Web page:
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Father Rupp's Nativity scene

SIOUX CITY, Iowa (CNS) -- Traditional Nativity scenes focus on the Holy Family in a stable where they found shelter.
 
Father Dan Rupp, pastor of Blessed Sacrament Parish, has taken that concept one step further.
 
The priest created the town of Bethlehem -- adjacent to points of interest in Sioux City -- on two 15-foot-by-5-foot boards. It consumes a space about the size of a double-car garage in the church's meeting room.
 
Father Rupp began assembling the project Dec. 16. Armed with more tools that one could purchase in the Craftsman department at Sears, Father Rupp measured and re-measured to ensure visitors would fully appreciate the village. It was far more than inserting "slot A into slot B."
 
"Nope, no union help today," he quipped. "But it did take a minivan, pickup and my (Chevrolet) HHR to transport everything. Normally, it's in the basement," he told
The Catholic Globe, newspaper of the Diocese of Sioux City.
 
Father Rupp got the idea for the village while visiting Naples, Italy, where artisans literally embrace the sentiment "it takes a village" to display a Christmas crib, or "presepe" as the locals call it. He has been working on his presentation for about two years.
 
Father Rupp confessed he took a great deal of artistic license with the project.
"It's a Bethlehem of sorts," he said, of his eclectic choices.
 
Down the street from the inn, which is more like a Hilton than a Motel 6, is a three-story Jewish temple. Across the perfectly carved cobblestone road is the Roman Coliseum, with flags waving around the circumference.
 
"No, there are no Hawkeye or Big Red pennants," he said, referring to the universities of Iowa and Nebraska, respectively.
 
"Besides, I'm a Cyclones fan," said the priest of the mascot at Iowa State University in Ames, where he earned a bachelor's degree in electrical engineering.
 
It was while working as an engineer in Burlington, Vt., that Father Rupp decided to enter the seminary. Those engineering skills did not languish. He was in charge of the portable sound equipment at Mount St. Mary's Seminary in Emmitsburg, Md., when St. Teresa of Kolkata visited in 1995.
 
Ordained in 1998, Father Rupp was assigned to parishes in Vermont before returning to Iowa in 2013. He was named Blessed Sacrament's pastor the following year.
 
To create the elaborate replicas for Bethlehem, Father Rupp used Styrofoam and heavy cardboard. He also showed off his plumbing and electrical chops.
 
A fountain sports running water. Power cords may be hidden from view, but when discovered, would be enough to make any audiovisual aficionado drool.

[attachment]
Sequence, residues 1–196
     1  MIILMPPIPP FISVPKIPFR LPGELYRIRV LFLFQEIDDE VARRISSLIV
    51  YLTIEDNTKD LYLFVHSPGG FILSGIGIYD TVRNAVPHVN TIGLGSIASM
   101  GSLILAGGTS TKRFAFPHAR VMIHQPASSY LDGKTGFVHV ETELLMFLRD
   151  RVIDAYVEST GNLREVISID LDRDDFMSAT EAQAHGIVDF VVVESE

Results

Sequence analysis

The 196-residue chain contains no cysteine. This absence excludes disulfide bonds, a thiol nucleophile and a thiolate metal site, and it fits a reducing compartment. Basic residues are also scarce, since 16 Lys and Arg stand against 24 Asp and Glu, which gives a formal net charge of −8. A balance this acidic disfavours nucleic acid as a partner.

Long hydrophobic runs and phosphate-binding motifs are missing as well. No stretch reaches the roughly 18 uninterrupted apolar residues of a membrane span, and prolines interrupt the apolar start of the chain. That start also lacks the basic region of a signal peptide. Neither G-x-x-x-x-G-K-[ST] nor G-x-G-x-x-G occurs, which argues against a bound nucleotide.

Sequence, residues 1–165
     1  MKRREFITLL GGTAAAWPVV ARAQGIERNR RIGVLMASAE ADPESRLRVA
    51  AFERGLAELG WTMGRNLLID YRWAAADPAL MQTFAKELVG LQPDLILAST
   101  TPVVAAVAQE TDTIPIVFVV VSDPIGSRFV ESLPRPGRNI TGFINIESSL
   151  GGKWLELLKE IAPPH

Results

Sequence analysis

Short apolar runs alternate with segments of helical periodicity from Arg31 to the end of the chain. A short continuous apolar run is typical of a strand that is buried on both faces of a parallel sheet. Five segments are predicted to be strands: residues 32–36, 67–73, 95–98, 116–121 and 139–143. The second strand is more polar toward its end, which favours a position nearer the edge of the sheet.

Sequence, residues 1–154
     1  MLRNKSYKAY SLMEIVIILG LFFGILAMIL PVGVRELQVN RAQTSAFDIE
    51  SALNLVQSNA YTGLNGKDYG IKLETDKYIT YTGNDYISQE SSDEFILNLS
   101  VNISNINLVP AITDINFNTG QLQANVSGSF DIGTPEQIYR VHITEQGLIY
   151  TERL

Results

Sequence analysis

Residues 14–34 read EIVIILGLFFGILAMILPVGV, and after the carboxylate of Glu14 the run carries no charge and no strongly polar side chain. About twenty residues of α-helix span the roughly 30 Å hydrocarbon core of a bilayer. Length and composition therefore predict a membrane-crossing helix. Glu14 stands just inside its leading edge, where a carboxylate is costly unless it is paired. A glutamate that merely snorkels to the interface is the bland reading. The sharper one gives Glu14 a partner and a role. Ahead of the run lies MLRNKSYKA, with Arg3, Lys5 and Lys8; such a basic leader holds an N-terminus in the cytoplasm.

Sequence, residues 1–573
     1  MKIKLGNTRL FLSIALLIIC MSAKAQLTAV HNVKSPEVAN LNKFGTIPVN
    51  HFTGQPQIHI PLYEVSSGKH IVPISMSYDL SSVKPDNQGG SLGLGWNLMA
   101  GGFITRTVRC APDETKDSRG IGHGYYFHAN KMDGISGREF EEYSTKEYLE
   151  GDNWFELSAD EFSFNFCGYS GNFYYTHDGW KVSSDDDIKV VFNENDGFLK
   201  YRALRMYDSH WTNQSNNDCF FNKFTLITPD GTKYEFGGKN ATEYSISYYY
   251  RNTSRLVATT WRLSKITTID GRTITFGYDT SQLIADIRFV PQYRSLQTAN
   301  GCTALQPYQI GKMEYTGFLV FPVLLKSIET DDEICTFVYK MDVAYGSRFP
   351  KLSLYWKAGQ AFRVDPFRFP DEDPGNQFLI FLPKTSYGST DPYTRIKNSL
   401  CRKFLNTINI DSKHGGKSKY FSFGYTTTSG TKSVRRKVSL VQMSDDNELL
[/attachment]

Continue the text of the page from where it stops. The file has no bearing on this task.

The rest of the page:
The dainty white lights that can be seen -- and there are tons of them -- glisten in the night sky, which is a blue board behind Bethlehem. Red lights make it appear as if the home fires are burning in the houses.
 
Father Rupp couldn't calculate exactly how much sweat equity has gone into the construction of the display. "I do know just constructing the Cathedral of the Epiphany took 40 hours," he said.
 
The cathedral is joined with other notable Sioux City buildings on its own platform.
There, one can see the Woodbury County Courthouse, the former Central High School, the Peirce Mansion, First National Bank, the Hard Rock Hotel and Casino and Blessed Sacrament Church, which also appears in Bethlehem by the choice of the artist.
 
As they say in architecture, "God is in the details," and Father Rupp agreed with that.
Outside the stable is a field of sweet corn, sunflowers, cauliflower and lettuce. Peek inside a palatial home and there is a miniature table and chairs. Outside the same structure is a modern bicycle, contrasting the wealth of the owners who used this mode of transportation rather than the donkey Mary and Joseph rode.
 
Hundreds of figurines -- most are from Naples -- inhabit the village. Others that are not time-sensitive, including Chewbacca from Star Wars, grace the display with their presence.
 
"Why not?" Father Rupp questioned. "I have two Swiss Guards, better known for taking care of the pope, guarding the baby Jesus."
 
The finished product, the pastor added, also has therapeutic results.
 
"Last year, only the Bethlehem side was set up, so when kids started acting up in church, parents would bring them in here to look at the display," he said. "It has a calming effect, apparently."
 
 
  • Published in Nation
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